Does it Matter if I Own 51% of my Company?

"I've heard that owning the majority of my company is the only way to maintain control over the company. If I take on a small investor but still own the majority, I have full control, right?"

October 30th, 2019   |    By: Wil Schroter    |    Tags: Funding

We all have heard that "just getting 51% of the company will help us control the board and rule the world!"

But in startup companies, that's often not the case.

A lot of our control actually lies within the agreements that we create within the company, regardless of our percentage of control.

The Difference between Common and Preferred Shares

Startups can have many classes of stock, but the two most often created are "Common" and "Preferred" shares. There are many variants, but the most classic usage is "Preferred" have controlling rights, "Common" does not.

Investors will almost always take Preferred shares, which entitle them to specific types of rights within the company, even if they do not have the majority of those shares.

Those could include how key executives are hired and compensated, whether the company can be sold, or how the company can be diluted in the future — all things that a Founder may not want to lose control over.

But what if I have no investors?

If no investors exist, then no preferred rights will likely exist, in which case the 51% would be a majority voting share.

That said, there may still be provisions in the Operating Agreement that override the voting control in an attempt to protect minority shareholders from things like, "My first vote as the majority is to issue a class of stock that gives me 20-to-1 voting rights over anyone else."

So, does 51% not matter at all?

It can within the areas of the business that are not subject to Operating Agreement controls and do not violate basic fiduciary duty (which is a gray area).

We can't say "Going forward all revenue to the company will be used for my salary and the company will go into insolvency!" While that would be a windfall for us, it would break out fiduciary duty to other shareholders.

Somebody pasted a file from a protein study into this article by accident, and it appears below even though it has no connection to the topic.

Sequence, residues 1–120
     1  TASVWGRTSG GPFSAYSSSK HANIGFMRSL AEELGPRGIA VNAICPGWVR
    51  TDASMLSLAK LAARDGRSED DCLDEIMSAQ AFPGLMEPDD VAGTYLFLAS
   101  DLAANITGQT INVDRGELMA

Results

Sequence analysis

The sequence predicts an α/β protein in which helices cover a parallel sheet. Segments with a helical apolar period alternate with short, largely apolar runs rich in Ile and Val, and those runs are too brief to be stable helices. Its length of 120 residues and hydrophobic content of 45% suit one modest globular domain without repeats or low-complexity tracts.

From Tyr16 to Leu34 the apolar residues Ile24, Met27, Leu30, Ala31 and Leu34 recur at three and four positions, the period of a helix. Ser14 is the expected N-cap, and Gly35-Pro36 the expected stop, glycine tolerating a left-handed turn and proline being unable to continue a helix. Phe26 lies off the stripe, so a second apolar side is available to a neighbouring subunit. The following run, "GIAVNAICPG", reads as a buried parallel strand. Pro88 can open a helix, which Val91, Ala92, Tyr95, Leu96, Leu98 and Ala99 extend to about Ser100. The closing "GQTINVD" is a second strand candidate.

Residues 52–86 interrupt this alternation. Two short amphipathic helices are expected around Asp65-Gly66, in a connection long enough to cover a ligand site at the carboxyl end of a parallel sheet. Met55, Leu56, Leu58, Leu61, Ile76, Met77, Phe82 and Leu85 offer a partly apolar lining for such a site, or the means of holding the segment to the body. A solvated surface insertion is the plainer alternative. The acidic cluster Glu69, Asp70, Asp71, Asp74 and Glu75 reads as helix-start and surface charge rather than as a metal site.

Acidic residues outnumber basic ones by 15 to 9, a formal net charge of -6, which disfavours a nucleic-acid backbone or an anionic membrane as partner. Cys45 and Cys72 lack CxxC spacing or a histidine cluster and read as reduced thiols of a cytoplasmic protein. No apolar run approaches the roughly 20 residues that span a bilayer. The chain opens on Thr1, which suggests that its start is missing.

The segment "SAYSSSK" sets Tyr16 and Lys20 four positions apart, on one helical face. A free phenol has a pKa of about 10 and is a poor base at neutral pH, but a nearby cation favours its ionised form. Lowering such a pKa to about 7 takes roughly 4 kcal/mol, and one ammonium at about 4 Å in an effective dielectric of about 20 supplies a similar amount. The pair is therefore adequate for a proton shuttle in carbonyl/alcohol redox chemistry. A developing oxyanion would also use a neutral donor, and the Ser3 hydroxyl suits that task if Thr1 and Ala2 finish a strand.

Short of crippling the company for personal gain, most operational decisions like hiring, strategy and where to host the company happy hour would likely fall entirely in your hands, El Presidente.

In Case You Missed It

How Early Stage Startups Assign Employee Stock Options. Stocks are a whole world unto themselves, complete with new vocabulary, confusing math, and complicated issues to consider. Check out this primer to get you going.

What is an Operating Agreement? Operating Agreements are key in helping you outline everything you need to know and do in order to successfully run your startup — and because they protect you and your Co-Founders from disputes down the line. And disputes will happen.

When Should Someone Else Run My Company? (podcast). Wil and Ryan discuss why superior managerial skills don't necessarily trump a Founder's passion and knowledge as a company scales — and how to decide what to let go of...and when.

About the Author

Wil Schroter

Wil Schroter is the Founder + CEO @, a startup platform that includes BizplanClarity, Fundable, Launchrock, and Zirtual. He started his first company at age 19 which grew to over $700 million in billings within 5 years (despite his involvement). After that he launched 8 more companies, the last 3 venture backed, to refine his learning of what not to do. He's a seasoned expert at starting companies and a total amateur at everything else.

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